The impact of fibroids on fertility can vary depending on the size, location, and number of fibroids, as well as individual factors. In many cases, fibroids may not cause any fertility issues or complications during pregnancy.
A uterine fibroid, also known as leiomyoma or simply fibroid, is a non-cancerous (benign) tumour that develops within the muscular walls of the uterus, which is the female reproductive organ where a foetus grows during pregnancy. Uterine fibroids are quite common and can vary in size, ranging from small pea-sized nodules to large growths that can distend the uterus.
The exact cause of fibroids is not entirely understood, but they are influenced by hormonal factors, particularly oestrogen and progesterone. They tend to grow during the reproductive years when hormone levels are at their highest and often shrink after menopause when hormone levels decrease.
Many women do not even realise they have fibroids when they do not interfere with their day-to-day life. When they experience pain or discomfort during intercourse or heavy bleeding during their menstrual cycle, they see a doctor and get a scan that reveals the fibroids. Treating fibroids depends on their size, how much discomfort it is causing and if it is interfering with conception or pregnancy.
Symptoms of Fibroids
Symptoms of uterine fibroids may vary depending on their size, number, and location. Some common symptoms include:
Types of Fibroids
Uterine fibroids, also known as leiomyomas, can be classified into several types based on their location within the uterus. The main types of fibroids are:
The treatment of fibroids depends on numerous factors, including the severity of symptoms, the size and location of the fibroids, a woman’s age, and her desire to have children. Treatment options for uterine fibroids include:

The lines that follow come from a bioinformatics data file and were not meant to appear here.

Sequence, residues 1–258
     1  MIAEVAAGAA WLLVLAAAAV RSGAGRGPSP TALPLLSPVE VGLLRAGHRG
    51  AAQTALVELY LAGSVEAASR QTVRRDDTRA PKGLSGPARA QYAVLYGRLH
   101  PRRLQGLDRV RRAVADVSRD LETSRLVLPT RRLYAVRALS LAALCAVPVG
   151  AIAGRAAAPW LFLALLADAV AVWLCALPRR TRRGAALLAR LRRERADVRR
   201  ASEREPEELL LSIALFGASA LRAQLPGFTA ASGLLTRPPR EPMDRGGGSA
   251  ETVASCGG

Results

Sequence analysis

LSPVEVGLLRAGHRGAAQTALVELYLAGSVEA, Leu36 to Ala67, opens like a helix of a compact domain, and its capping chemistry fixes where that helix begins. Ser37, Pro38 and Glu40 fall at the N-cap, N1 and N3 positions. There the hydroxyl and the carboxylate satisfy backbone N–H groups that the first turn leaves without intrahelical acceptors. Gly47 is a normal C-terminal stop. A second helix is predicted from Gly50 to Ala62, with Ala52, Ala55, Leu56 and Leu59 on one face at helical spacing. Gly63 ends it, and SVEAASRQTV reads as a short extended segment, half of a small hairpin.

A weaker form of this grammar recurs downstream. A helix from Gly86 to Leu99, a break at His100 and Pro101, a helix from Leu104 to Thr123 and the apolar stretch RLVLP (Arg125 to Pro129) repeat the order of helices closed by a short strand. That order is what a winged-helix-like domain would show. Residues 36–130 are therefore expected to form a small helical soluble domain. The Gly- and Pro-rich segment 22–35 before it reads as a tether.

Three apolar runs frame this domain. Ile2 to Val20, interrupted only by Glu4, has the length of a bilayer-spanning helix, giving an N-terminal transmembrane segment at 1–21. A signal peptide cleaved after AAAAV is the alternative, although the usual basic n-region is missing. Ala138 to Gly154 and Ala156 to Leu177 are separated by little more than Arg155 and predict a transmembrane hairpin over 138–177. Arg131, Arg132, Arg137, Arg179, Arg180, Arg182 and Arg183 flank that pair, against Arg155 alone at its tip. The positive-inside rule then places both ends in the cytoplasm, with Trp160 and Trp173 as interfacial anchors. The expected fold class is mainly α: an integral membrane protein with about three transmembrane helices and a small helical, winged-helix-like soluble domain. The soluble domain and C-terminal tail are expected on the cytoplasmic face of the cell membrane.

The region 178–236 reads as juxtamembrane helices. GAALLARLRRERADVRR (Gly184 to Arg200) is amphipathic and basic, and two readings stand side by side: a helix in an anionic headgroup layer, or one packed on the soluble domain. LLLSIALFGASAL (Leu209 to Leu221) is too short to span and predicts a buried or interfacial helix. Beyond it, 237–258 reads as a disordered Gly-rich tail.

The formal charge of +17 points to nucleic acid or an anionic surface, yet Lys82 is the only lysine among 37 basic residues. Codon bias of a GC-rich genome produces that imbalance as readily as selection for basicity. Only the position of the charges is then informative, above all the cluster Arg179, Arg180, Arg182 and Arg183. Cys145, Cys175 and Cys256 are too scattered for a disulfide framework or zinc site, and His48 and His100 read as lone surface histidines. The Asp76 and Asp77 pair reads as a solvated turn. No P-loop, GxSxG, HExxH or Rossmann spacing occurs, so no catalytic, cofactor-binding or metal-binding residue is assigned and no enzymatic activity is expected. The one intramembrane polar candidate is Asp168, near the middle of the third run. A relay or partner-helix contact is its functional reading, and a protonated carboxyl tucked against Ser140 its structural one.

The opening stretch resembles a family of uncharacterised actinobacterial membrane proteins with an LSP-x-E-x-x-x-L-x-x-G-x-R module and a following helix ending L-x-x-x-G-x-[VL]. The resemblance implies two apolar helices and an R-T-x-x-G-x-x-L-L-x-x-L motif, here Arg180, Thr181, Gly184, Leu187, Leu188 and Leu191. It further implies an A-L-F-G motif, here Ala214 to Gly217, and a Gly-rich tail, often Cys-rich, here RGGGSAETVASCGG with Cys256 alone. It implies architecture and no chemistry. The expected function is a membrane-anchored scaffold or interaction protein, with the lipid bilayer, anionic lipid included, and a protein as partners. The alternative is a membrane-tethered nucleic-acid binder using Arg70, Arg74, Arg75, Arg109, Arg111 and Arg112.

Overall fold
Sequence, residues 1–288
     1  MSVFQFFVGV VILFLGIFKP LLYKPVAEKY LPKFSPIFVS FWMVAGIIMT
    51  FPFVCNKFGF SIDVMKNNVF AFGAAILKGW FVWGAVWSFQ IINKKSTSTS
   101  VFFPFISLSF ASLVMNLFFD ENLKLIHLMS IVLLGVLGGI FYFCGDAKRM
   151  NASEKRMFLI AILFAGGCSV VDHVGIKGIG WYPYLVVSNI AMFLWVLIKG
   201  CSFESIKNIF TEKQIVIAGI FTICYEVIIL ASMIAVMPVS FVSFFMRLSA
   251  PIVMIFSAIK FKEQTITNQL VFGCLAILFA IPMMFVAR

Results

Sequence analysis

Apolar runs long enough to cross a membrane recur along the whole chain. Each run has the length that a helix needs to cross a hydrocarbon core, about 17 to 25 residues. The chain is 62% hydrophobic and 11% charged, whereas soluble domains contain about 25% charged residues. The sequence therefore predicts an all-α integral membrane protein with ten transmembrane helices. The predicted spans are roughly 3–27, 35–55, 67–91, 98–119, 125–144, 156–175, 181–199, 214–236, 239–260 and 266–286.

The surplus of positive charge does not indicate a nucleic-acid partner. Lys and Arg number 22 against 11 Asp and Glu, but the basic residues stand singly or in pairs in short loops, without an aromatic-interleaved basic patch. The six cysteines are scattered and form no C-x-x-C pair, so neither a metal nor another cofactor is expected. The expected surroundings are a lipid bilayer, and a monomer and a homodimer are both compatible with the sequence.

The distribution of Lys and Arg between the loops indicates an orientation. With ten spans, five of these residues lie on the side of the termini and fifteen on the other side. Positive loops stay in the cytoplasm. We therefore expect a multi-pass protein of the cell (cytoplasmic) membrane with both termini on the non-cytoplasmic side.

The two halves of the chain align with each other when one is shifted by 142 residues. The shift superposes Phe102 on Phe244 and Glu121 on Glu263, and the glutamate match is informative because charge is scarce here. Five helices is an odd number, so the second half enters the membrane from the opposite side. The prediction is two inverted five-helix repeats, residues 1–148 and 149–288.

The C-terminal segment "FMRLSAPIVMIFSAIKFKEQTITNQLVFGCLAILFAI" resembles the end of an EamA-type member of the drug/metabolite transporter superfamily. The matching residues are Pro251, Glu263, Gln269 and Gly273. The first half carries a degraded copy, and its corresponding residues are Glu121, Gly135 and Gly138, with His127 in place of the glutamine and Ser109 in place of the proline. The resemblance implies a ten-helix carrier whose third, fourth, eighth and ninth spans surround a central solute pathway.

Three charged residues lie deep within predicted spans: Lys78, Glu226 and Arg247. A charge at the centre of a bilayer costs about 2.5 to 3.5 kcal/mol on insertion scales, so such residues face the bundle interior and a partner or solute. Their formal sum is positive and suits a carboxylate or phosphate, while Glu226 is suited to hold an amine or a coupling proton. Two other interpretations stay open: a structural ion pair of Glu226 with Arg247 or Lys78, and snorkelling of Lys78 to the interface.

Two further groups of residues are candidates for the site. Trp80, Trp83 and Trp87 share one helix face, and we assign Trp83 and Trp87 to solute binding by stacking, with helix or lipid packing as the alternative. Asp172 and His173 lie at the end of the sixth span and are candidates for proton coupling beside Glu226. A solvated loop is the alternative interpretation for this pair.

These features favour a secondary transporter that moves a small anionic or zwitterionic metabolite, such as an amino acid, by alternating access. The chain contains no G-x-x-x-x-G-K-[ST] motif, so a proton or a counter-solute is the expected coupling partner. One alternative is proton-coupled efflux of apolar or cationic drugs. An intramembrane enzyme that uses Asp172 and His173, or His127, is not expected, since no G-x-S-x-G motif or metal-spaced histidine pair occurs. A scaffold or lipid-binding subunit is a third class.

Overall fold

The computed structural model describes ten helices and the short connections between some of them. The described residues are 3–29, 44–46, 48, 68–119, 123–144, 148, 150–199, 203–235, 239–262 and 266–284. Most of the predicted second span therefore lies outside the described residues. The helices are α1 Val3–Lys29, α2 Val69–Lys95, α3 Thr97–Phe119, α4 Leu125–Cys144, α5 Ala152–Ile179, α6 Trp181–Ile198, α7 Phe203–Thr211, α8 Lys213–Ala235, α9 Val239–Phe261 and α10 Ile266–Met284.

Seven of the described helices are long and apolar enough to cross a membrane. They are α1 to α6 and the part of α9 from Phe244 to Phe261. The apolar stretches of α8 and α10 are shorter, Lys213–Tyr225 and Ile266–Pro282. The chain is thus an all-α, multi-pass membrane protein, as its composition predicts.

Fibroids and Cancer
Uterine fibroids, also known as leiomyomas, are almost always benign, meaning they are non-cancerous growths. Most fibroids do not turn into cancer (malignant tumours). They are considered a benign condition.
However, in extremely rare cases (less than 1% of all fibroids), a type of cancer called leiomyosarcoma can develop within a fibroid. Leiomyosarcoma is a malignant tumour that arises from the smooth muscle cells of the uterus. It is crucial to emphasise that leiomyosarcoma is exceptionally uncommon, and most fibroids are benign and pose no cancer risk.
While the risk of fibroids turning cancerous is exceptionally low, it is essential to be aware of potential warning signs and seek medical attention if you experience:
Fibroids and their impact on fertility
The impact of fibroids on fertility can vary depending on the size, location, and number of fibroids, as well as individual factors. In many cases, fibroids may not cause any fertility issues or complications during pregnancy. However, in some instances, they can influence a woman’s ability to conceive or carry a pregnancy to term. Here are some ways fibroids can impact fertility.
Many women with fibroids can conceive and have successful pregnancies. However, if you are having trouble conceiving or have concerns about fibroids and their potential impact on your fertility or pregnancy, it is essential to consult with your doctor. They can assess your individual situation, provide guidance, and recommend appropriate treatment options if necessary. In some cases, addressing fibroids before attempting pregnancy may be recommended to optimise the chances of a successful conception and healthy pregnancy.
How to prevent fibroids?
The exact cause of uterine fibroids is not fully understood, and therefore, there is no definitive way to prevent their development. However, certain lifestyle choices and factors may play a role in reducing the risk of fibroids or minimizing their growth. Here are some considerations that may help:
While these factors may have some influence on fibroid development, it is essential to remember that fibroids can still occur despite taking preventive measures. Additionally, some risk factors for fibroids, such as age, family history, and ethnicity, are beyond an individual’s control.
Regular gynaecological check-ups are essential for early detection and monitoring of fibroids, especially if you are experiencing any symptoms or belong to a higher-risk group. If you have concerns about fibroids or other gynaecological issues, it is best to consult with an expert for personalised advice and appropriate management.
CONSULTANT – OBSTETRICS & GYNAECOLOGY
MBBS, MD OG, DNB (OG)